Ben Howard was welcomedback to the West Country by a sold out Bristol O2 Academy boasting a remarkably young crowd for a cold school night. Supporting act ‘Daughter’ warmed up the sell out crowd with their soothing yet powerful vocals. The second guitarist mainly focuses on making noises with his instrument rather than actually playing it, which works sometimes but on some songs drowned out what makes the band so special, the lovely haunting vocals of the modest Elena Tonra.

 

After Daughter finish, there is an agonizingly long and hot wait for Ben Howard as the mainly youthful crowd surge to the front creating a teenage sauna of Topman clothes and smartphones at the ready. When he does appear the excitement in the crowd is subdued as he announces he’ll be starting with some slower numbers, but they are still met with rapturous applause. The pace picks up with ‘Old Pine’ and the massively motivational ‘Keep Your Head Up’. The crowd responds well, keeping their feet moving and hands in the air. When he plays an extended version of ‘The Wolves’ the crowd are sent into a frenzy by what makes Ben Howard so great. There is no denying the beauty of hislyrics and the way he sings them. But what separates him from other singer songwriters at present are the relentlessly passionate folk breakdowns at the end of most of his songs that on this night sent the crowd old and (but mostly) young into a festival like frenzy. Heslows down for the ominous ‘Black Flies’ which includes a cameo from Daughter’s lead singer Elena Tonra. She shyly but beautifully fits into the song so well, now I understand why all the kids have theirphones out. Though his interaction between songs is minimal, the mention of the word ‘Paignton’ sends half of the crowd wild. Bemused by this, Ben asks the members of the audience from Devon to reveal themselves. This receives the loudest cheers of the night as it appears the majority of the crowd have made the short journey up from Devon to see their hometown hero. This crowd are in full singing and dancing swing. The best song of the night was ‘Only Love’, there were many couples in the room that night and you could feel that Ben’s words meant a lot to each pair, as if it were only the two of them in the room. He finishes with The Fear, including an aforementioned folk breakdown. A fitting end to a marvellous evening, there is much more to come from Ben Howard in 2012. He returns to Bristol in October, to Colston Hall, just down the road from the Academy, which one feels may be a better venue for his more mature audience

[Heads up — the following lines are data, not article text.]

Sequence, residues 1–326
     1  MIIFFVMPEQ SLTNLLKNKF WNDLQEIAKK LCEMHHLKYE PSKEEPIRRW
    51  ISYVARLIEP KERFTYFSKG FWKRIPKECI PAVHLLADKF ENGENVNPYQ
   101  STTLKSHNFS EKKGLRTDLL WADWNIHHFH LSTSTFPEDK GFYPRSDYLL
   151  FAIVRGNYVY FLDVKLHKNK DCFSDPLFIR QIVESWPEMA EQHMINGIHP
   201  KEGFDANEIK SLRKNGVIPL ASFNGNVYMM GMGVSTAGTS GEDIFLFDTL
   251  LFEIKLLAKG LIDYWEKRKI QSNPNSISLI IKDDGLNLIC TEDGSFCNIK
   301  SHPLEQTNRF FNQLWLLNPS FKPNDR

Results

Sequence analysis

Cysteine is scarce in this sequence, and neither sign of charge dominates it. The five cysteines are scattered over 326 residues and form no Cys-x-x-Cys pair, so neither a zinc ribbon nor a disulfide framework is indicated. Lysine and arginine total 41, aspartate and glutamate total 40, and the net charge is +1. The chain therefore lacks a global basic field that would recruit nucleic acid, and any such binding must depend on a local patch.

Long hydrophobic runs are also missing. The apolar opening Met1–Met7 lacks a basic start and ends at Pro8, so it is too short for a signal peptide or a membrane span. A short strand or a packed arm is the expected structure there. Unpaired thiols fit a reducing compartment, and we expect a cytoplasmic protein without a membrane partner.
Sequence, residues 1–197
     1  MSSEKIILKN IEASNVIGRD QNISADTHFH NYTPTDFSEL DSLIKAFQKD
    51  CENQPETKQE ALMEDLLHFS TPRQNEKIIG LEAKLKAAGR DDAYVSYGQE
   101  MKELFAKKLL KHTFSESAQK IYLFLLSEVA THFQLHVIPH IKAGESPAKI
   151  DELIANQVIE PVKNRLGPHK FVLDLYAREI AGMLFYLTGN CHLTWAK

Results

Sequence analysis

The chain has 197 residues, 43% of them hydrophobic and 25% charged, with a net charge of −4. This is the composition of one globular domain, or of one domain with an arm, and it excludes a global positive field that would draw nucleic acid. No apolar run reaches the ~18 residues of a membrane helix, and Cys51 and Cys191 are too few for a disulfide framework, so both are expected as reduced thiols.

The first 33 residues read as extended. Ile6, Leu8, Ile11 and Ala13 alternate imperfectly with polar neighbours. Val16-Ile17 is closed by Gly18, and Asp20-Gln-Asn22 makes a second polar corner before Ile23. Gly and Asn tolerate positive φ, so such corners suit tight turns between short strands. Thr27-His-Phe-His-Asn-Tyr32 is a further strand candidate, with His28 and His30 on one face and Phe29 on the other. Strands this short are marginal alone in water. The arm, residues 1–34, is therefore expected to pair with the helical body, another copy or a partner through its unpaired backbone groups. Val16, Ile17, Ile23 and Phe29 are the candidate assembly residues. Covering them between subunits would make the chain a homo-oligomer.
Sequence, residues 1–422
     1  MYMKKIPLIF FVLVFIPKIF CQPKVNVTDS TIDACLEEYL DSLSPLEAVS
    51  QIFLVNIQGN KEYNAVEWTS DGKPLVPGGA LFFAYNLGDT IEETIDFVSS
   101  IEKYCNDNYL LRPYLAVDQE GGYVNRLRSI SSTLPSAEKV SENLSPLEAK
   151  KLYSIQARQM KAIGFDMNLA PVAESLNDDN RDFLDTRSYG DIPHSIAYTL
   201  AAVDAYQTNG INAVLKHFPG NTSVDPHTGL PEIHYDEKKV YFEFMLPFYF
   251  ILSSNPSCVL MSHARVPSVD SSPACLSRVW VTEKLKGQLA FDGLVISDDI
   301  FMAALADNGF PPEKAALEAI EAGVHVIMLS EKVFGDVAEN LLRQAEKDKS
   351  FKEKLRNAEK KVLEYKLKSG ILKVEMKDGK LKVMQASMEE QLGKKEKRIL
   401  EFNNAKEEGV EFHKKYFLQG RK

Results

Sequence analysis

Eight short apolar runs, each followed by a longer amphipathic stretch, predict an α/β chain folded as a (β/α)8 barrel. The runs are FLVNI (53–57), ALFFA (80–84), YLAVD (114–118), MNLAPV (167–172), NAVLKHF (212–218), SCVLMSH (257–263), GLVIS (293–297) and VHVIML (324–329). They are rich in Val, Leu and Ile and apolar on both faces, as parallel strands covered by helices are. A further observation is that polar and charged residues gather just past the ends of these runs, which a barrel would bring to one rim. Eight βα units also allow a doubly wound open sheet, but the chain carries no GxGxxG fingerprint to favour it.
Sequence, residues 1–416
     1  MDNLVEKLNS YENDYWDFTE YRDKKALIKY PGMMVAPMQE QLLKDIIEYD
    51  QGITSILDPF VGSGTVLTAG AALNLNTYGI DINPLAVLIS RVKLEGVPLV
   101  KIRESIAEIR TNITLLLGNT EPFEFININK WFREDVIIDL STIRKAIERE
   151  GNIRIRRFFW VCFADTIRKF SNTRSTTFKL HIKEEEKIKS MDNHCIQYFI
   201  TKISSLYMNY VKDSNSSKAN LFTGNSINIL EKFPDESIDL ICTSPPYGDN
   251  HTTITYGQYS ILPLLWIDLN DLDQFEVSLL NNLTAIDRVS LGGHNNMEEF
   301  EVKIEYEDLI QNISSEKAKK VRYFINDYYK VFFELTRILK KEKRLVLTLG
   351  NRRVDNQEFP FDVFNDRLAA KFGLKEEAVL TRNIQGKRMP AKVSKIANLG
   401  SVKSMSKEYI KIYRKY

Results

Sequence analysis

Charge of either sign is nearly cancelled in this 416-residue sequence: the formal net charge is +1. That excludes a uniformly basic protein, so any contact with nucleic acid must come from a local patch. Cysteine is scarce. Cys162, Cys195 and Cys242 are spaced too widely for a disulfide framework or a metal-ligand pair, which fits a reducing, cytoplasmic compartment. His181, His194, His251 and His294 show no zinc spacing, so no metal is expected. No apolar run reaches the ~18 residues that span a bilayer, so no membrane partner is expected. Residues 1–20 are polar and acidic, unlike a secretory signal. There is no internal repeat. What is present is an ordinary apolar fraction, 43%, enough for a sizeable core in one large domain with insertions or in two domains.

Nicholas Latham